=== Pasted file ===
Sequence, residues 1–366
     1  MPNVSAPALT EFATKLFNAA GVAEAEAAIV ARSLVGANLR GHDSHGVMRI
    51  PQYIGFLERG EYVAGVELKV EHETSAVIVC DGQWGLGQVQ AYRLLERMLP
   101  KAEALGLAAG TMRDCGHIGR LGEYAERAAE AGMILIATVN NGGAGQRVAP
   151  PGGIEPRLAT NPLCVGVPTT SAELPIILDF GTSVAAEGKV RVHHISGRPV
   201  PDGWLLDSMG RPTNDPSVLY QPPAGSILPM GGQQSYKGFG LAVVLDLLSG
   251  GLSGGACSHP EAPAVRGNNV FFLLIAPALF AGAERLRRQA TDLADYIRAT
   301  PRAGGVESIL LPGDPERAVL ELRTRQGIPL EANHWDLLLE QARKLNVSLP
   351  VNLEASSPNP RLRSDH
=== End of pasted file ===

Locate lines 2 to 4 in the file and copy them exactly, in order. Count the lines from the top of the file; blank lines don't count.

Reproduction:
     1  MPNVSAPALT EFATKLFNAA GVAEAEAAIV ARSLVGANLR GHDSHGVMRI
    51  PQYIGFLERG EYVAGVELKV EHETSAVIVC DGQWGLGQVQ AYRLLERMLP
   101  KAEALGLAAG TMRDCGHIGR LGEYAERAAE AGMILIATVN NGGAGQRVAP